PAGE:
Cute might not be the adjective you would use to describe rats, however, a new study has revealed that the distant cousins of these city-dwelling rodents are much more adorable and cuddly. Known as ‘giant cloud rats’, these species are native to the Southeast Asian region of the Philippines. According to a recent study published in the Journal of Mammalogy,it turns out that they have been living in the Philippines for a long time and fossils of three new species of giant cloud rats prove that they existed along with the ancient homo sapiens. Larry Heaney, the Neguanee Curator of Mammals at Chicago’s Field Museum and author of the study, said in a statement that in their previous studies, they have demonstrated that the Philippines has one of the most impressive concentrations of unique species of mammals among any country, most of which are small animals, less than half a pound, that live in the tropical forest.
The giant cloud rats play an important role in the ecology of the Philippines similar to that of squirrels in the United States. Larry also mentioned that these fossils of the recently extinct species not only demonstrate that biodiversity was even greater in the very recent past, but that the two that became extinct just a few thousand years ago were one of the giants among the rodent family. Both the now-extinct species weighed more than two pounds, reveals the study. Researchers also question if their abrupt disappearance just a few thousand years ago was related to their size that might have made them ideal to hunt and eat.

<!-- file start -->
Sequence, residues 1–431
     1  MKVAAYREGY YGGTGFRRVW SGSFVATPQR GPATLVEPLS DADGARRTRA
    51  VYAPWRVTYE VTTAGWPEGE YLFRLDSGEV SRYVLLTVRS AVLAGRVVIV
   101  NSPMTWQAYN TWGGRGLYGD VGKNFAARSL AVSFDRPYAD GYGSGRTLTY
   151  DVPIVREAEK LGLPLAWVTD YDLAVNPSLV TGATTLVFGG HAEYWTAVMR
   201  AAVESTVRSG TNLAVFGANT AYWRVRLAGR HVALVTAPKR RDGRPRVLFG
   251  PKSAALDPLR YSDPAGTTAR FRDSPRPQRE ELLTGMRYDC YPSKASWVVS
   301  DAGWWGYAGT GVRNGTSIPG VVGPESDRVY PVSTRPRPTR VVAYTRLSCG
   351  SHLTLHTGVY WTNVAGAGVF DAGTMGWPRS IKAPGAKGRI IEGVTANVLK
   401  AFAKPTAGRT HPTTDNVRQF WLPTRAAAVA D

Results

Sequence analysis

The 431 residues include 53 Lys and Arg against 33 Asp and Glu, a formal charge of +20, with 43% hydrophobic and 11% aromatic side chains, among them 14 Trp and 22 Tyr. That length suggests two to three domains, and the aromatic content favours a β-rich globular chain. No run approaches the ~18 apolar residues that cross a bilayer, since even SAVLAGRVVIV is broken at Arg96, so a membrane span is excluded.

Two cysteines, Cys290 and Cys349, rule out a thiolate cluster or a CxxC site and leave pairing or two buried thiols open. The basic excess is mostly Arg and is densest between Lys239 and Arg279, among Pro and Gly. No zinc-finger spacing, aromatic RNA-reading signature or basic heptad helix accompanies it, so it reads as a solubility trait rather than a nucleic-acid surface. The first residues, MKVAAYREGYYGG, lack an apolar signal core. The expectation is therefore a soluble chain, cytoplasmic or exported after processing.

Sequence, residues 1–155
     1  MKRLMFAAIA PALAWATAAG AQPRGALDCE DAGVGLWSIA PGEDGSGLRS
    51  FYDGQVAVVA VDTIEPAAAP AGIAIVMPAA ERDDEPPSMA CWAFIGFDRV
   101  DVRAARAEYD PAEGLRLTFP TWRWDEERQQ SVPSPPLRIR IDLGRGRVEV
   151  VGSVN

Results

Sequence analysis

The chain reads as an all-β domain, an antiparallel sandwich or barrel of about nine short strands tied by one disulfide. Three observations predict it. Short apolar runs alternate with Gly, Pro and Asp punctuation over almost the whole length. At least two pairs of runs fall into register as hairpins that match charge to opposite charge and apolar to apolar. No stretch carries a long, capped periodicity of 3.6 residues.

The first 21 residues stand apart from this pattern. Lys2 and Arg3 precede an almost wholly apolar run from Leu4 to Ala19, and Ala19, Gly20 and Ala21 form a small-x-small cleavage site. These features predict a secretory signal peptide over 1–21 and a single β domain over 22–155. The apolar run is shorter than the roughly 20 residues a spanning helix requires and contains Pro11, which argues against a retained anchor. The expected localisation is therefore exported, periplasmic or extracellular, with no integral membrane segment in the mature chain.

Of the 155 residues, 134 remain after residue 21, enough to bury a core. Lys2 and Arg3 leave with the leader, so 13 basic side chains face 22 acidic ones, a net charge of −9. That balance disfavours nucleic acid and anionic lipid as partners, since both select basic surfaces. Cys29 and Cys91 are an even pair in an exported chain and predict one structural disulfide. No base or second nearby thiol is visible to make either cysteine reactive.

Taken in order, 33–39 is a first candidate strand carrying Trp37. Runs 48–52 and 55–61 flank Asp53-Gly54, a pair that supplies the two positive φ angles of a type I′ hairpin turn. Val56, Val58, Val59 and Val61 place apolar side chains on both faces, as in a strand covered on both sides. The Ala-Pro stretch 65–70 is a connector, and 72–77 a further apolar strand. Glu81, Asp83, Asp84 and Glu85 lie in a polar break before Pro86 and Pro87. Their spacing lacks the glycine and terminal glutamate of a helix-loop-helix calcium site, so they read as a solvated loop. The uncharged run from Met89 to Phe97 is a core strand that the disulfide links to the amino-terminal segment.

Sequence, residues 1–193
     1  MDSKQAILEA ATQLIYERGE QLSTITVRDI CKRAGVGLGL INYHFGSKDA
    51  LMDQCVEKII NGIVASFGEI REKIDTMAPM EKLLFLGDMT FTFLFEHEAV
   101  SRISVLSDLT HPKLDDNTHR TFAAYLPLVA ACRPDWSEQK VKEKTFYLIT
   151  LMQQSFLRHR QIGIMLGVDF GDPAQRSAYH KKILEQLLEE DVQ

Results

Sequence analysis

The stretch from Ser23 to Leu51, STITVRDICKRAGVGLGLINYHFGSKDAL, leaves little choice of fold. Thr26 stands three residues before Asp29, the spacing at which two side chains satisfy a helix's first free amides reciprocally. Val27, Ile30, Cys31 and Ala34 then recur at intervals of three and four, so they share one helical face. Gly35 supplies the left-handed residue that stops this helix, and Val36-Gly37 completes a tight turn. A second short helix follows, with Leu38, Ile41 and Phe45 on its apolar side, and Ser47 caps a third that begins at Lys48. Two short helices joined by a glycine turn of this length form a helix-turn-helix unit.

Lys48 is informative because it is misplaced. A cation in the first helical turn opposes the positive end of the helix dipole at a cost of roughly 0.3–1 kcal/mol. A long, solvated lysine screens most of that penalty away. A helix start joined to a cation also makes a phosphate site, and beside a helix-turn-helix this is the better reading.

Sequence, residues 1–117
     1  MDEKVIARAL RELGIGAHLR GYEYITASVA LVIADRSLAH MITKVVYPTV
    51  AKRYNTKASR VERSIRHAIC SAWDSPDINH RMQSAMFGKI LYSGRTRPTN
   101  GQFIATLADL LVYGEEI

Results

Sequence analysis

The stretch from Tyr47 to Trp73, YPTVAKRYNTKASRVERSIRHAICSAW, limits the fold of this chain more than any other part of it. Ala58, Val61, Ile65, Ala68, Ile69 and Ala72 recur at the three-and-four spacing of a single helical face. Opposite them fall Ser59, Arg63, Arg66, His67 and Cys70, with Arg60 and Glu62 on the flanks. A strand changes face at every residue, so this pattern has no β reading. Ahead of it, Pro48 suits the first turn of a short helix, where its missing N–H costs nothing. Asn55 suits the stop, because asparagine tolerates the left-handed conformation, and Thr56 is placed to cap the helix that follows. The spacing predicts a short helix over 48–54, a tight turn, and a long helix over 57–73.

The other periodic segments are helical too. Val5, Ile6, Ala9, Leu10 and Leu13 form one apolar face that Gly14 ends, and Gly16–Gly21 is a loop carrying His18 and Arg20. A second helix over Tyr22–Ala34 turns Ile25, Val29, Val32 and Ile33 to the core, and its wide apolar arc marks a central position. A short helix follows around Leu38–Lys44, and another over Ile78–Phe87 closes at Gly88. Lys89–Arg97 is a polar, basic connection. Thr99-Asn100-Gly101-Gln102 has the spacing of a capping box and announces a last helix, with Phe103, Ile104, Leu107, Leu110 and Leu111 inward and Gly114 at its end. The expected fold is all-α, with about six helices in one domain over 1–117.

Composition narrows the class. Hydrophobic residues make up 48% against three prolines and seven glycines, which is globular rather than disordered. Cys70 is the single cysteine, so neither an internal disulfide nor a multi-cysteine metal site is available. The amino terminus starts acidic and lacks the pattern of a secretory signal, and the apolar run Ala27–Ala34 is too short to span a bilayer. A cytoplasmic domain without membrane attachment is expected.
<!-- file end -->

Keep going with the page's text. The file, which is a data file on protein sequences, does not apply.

Janine Ochoa, an Assistant Professor of Archaeology at the University of the Philippines at Diliman and the study’s lead author, said in a statement that their research focused on open-air sites where a collection of large fossil mammal faunas were known to have been preserved. This was unlike other studies where the focus was on the careful sieving of cave deposits that preserved a broader size range of vertebrates including the teeth and bones of rodents.